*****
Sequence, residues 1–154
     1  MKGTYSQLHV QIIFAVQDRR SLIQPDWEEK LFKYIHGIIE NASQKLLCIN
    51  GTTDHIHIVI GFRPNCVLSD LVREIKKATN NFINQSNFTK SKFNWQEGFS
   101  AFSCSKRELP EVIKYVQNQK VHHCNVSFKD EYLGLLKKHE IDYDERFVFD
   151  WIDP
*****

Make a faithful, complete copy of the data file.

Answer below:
Sequence, residues 1–154
     1  MKGTYSQLHV QIIFAVQDRR SLIQPDWEEK LFKYIHGIIE NASQKLLCIN
    51  GTTDHIHIVI GFRPNCVLSD LVREIKKATN NFINQSNFTK SKFNWQEGFS
   101  AFSCSKRELP EVIKYVQNQK VHHCNVSFKD EYLGLLKKHE IDYDERFVFD
   151  WIDP